Once a great white seagull was circling above the rolling waves between South England and Wales. He was looking for and hoping that some unwary fish would swim up near the surface of the water within diving reach. Suddenly the gull noticed something on the waves, and swooped down toward it to see if it was something to eat.
But he was disappointed.
"Cree-e-e!" he cried. "'This is no great fish! What is it? Cree-e-e!"
The gull circled and swooped over what was a wicker basket floating on the waves. A tiny pink-and-white baby lay sound asleep on a piece of cloth in it. The baby had one thumb thrust into his round red mouth.
The sea-gull flew a little distance away to call other seagulls of his family and clan to come. Cree-e-e!" Soon they came. "Cree-e-e!" they said, "what is going on?" The seagull answered,
He led the flock to the wicker cradle tossed on the growing waves. By now the baby had awakened. Feeling hungry, cold and wet cold, wet and with the dashing spray, he had opened his pink mouth and cried "E-e-e-e-e!"
"See, it sounds so very much like us - listen! Let us see if we can save it!" said the seagull that had first seen the baby.
All the mother gulls said in chorus. "He talks our language, he must be saved. Let us use our beaks before the waves sink him. Cree-e-e, Cree-e-e!"
At the sounds of the gulls the baby stopped crying and looked up, smiling and laughing at white wings that fanned him.
With their hooked beaks the gulls seized the corners of the cloth the baby lay on and fluttered up and away, bearing the baby over the waves as if he were in a little hammock. The baby was landed on a high shelf. The sea roared on the rocks below it. It was the nicest kind of a gull home. Here they laid the baby down, and sat about wondering what to do next, while the baby cried.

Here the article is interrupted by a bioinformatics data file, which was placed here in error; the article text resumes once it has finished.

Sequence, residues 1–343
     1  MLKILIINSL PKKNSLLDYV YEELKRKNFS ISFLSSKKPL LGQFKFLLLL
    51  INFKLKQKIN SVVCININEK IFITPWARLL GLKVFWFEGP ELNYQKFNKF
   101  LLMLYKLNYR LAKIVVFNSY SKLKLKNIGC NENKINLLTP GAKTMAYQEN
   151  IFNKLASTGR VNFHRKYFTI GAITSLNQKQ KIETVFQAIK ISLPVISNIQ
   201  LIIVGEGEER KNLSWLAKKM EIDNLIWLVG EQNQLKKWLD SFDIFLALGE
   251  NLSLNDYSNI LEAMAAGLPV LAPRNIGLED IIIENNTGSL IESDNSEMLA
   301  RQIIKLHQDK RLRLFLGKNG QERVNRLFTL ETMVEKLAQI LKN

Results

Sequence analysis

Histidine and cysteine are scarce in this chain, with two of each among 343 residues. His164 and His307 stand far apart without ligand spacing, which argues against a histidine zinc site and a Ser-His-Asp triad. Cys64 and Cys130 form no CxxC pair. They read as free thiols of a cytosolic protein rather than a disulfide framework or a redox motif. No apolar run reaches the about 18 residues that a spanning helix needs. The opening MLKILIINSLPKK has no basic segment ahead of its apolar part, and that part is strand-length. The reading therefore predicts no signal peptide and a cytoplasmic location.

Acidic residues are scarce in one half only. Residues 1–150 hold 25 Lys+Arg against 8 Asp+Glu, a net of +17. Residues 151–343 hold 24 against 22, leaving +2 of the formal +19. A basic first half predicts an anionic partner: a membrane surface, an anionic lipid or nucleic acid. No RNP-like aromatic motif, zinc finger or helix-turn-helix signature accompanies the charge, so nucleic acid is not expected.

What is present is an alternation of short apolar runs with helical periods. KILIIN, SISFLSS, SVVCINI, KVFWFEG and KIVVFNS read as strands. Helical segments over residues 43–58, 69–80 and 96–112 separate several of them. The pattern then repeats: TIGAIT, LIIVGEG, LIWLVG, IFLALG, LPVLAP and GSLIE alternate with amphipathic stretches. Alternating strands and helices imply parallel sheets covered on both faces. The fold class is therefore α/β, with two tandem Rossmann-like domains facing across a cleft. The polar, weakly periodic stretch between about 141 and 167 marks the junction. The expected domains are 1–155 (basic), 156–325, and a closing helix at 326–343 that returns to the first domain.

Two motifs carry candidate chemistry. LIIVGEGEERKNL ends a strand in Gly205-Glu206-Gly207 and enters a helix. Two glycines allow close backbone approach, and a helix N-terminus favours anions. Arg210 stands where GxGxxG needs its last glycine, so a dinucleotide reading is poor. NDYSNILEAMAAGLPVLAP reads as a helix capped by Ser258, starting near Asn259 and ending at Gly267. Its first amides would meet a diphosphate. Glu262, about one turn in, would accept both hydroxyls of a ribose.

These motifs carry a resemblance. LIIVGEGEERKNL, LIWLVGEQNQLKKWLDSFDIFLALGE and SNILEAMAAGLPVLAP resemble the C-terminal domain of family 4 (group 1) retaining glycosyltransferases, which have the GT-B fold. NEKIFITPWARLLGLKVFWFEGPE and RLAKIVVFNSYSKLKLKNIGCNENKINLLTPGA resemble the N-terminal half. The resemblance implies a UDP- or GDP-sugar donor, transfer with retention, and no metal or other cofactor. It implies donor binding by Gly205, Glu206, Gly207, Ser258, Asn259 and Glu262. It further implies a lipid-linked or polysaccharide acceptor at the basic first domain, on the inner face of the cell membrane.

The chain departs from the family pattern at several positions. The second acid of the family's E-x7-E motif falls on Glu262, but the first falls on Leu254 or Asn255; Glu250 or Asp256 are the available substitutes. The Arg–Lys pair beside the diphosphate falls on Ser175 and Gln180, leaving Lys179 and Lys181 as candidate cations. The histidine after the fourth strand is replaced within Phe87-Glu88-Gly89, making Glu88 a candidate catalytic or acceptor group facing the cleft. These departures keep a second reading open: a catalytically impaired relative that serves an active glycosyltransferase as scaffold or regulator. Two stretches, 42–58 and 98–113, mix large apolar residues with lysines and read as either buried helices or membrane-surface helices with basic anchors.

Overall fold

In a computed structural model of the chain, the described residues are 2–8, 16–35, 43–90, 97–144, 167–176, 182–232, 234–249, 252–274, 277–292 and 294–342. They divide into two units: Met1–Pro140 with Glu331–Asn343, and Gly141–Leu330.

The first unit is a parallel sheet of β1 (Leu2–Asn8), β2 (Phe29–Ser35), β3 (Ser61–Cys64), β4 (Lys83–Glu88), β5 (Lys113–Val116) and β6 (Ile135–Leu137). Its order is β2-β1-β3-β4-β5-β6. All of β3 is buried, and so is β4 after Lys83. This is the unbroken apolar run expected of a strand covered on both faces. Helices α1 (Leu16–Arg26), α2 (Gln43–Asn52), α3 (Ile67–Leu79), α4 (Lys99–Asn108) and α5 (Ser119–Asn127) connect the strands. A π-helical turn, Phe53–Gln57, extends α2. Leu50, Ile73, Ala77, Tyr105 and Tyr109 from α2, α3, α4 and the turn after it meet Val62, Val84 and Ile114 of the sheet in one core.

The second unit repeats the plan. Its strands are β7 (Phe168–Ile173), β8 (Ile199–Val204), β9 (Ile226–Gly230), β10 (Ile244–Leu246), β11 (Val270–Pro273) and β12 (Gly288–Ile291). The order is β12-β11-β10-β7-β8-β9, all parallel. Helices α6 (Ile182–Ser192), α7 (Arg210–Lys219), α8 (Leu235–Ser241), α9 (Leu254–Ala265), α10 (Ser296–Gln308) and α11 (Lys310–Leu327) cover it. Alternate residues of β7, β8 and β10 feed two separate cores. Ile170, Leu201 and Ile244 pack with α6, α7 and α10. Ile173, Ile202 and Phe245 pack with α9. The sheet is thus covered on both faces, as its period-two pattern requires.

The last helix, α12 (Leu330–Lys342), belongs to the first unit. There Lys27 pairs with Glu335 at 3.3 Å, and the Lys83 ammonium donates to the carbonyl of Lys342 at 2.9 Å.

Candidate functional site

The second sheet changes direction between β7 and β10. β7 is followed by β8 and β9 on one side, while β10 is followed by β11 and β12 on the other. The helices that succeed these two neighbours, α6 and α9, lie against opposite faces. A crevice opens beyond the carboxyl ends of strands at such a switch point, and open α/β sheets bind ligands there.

"We must build him a nest," said the white gull that had first seen him. "These rocks are too hard and sharp for such a little gull-thing."
A nest could do for the little stranger, the gulls said. So they pulled downy feathers from their breasts till they had made a very cosy, soft bed with a pillow and laid the baby in it under a seagull quilt there. There he slept, the son of a Welsh prince. His mother had not wanted him, and had put him into the wicker basket - unnoticed by any.
When the gulls had made the baby this lovely nest, they wondered what they should do to get him food. But the gull that had found him at sea had an idea. He flew away over the land and was gone for some time. When at last he returned he had with him a kind forest doe - a mother deer who had agreed to come and feed the stranger baby. So the baby found a new mother who came every morning and every night and fed him with her milk.
The happy baby in his nest grew strong and fat and hearty. His seagull friends watched over him, and the mother deer fed and cared for him. She also washed him clean with her warm tongue.
Now when Keneth had lived in the seagulls' home for some months, one day the flock of guardian gulls left him while they went on a fishing trip. The mother deer had not yet come with his breakfast, but was at home with her own little ones. For the first time the baby was quite alone. He did not know this, but was sleeping peacefully on his quilt when a on his quilt when a shepherd from the nearest village came peering over the edge of the rocks. The man had clambered up to seek gulls' eggs for breakfast. His eyes bulged and he nearly fell over backward into the sea with surprise when he saw a baby lying in a nest of feathers.